Marking by rubbing and grooming is another way the cat is claiming you as their friend and a part of their pack. This is an important part of your cat’s social life and isn’t too much cause for concern unless your cat starts having frequent hairballs because of it.
You can read more about the phenomenon here: Why Do Cats Groom Each Other? (The Answer Will Surprise You!)
This is by far the most common reason for your cat to be licking your hair.
Increased Grooming – could it be stress-induced?
Stress is often manifested as overgrooming or overlicking in cats.
While licking another person (or cat) isn’t likely to be an expression of stress, watch out for increased frequency as a potential sign of stress.
How can you tell if the behavior is stress-related? Try to take a look at what’s changed in your pet’s daily routine. Here are a couple of examples.
A New Move
If you’ve recently moved into a new home and your cat started eating and chewing your hair, the new home is likely the culprit. Be patient with your kitty as you make the transition to this new area. It’s essential to make sure your cat has their things from the old house they have already rubbed against and transferred their scent.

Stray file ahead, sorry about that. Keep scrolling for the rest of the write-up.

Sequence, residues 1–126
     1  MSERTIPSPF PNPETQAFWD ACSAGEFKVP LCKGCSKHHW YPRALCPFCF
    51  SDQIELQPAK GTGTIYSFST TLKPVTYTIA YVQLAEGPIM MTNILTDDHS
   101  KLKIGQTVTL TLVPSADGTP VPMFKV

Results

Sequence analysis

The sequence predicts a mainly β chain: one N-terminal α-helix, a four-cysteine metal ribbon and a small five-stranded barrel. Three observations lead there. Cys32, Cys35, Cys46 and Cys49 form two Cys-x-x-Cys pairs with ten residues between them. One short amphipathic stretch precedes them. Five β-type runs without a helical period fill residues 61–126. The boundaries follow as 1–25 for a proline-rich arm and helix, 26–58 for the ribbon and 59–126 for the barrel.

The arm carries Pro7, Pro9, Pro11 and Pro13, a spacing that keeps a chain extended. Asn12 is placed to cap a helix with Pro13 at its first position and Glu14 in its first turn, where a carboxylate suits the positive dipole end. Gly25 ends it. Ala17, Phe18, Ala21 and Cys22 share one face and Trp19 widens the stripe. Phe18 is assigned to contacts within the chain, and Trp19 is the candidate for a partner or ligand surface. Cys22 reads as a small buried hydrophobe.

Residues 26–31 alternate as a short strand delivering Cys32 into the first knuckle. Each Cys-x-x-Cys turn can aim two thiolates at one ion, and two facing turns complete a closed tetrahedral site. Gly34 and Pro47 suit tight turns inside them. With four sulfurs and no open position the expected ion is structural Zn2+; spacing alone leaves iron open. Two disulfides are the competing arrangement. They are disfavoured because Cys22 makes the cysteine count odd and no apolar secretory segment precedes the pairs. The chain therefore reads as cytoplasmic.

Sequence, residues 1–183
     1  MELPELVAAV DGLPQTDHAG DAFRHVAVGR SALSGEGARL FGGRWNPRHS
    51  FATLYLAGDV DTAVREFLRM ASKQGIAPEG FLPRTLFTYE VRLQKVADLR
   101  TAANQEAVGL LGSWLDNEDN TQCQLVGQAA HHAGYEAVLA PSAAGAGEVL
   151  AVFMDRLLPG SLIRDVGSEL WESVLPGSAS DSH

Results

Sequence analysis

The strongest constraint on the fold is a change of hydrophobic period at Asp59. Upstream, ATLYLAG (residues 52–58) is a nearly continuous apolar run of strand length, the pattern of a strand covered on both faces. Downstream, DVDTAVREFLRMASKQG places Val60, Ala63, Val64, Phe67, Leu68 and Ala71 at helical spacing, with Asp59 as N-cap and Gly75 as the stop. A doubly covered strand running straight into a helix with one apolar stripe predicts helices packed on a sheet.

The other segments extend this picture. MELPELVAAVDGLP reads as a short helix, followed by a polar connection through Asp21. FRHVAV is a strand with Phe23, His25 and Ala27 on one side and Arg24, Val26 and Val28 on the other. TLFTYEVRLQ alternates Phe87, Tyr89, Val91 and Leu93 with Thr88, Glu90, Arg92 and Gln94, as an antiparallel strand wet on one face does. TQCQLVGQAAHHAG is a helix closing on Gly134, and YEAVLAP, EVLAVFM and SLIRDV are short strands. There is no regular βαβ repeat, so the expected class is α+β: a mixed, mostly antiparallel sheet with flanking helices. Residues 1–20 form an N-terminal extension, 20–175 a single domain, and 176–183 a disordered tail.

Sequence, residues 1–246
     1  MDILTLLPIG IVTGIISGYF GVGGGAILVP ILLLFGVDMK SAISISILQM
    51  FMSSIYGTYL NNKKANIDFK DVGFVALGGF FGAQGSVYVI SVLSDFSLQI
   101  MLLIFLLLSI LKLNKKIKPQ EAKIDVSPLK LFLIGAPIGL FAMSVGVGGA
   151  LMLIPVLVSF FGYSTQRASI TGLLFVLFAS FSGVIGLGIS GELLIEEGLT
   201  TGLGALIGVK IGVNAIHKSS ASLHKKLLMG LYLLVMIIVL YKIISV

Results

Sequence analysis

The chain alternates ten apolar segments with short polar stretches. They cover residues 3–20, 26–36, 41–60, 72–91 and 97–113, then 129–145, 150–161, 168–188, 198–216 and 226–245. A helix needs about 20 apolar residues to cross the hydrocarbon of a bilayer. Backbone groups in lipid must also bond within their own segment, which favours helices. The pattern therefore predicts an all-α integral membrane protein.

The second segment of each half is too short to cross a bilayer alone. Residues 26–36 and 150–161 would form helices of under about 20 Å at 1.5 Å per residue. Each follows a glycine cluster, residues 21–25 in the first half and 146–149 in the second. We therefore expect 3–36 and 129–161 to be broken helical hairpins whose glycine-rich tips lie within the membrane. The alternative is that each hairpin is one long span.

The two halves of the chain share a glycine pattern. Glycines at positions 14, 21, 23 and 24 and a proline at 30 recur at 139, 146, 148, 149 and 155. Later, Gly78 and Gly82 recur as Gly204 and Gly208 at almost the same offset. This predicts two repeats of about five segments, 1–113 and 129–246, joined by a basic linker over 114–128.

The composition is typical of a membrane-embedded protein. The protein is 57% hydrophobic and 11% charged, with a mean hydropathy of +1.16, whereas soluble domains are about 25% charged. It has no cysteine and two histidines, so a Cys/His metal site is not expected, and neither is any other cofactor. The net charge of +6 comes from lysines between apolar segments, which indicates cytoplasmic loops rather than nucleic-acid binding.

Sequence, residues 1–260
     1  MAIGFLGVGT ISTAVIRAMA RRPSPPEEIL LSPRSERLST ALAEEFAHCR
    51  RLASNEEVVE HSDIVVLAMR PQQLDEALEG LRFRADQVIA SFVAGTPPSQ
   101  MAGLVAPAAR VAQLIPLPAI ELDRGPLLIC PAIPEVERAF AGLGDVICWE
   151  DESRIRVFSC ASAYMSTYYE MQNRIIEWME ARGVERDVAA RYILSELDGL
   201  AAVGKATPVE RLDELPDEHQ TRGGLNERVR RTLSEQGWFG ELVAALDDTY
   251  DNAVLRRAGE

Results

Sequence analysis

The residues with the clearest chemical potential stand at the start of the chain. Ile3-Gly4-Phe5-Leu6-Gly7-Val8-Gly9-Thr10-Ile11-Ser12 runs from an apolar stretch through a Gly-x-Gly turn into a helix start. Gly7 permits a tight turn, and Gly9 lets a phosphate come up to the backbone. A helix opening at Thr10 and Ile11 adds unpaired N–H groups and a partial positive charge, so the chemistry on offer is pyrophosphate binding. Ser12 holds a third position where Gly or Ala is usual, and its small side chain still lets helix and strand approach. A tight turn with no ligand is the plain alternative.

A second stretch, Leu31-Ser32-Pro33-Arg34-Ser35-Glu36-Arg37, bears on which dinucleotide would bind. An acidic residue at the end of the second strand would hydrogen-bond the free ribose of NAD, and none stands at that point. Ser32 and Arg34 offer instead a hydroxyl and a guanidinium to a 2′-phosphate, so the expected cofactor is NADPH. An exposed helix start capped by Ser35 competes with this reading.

A New Pet
If you’ve adopted a new cat or another animal, this intruder could be causing your cat a lot of stress. Try introducing a new pet slowly into the household by keeping them separate and slowly starting to allow them to spend time together. Too much togetherness too fast is likely to cause undue stress to your four-legged friend.
There are other causes of stress too. If you notice a change in Kitty’s grooming habits, check out our article:
What Happens If A Cat Eats Human Hair?
Since the consistency of human hair is very different than that of a cat’s fur, the much finer and longer hair gets stuck on the rough surface of their tongue. Because of this, your cat might ingest your hair when trying to dislodge it from its tongue.
Human hair isn’t necessarily harmful to your pet, but the cat cannot digest it. Therefore, the hair will stay complete and generally come out in the cat’s feces or be coughed up as part of a hairball.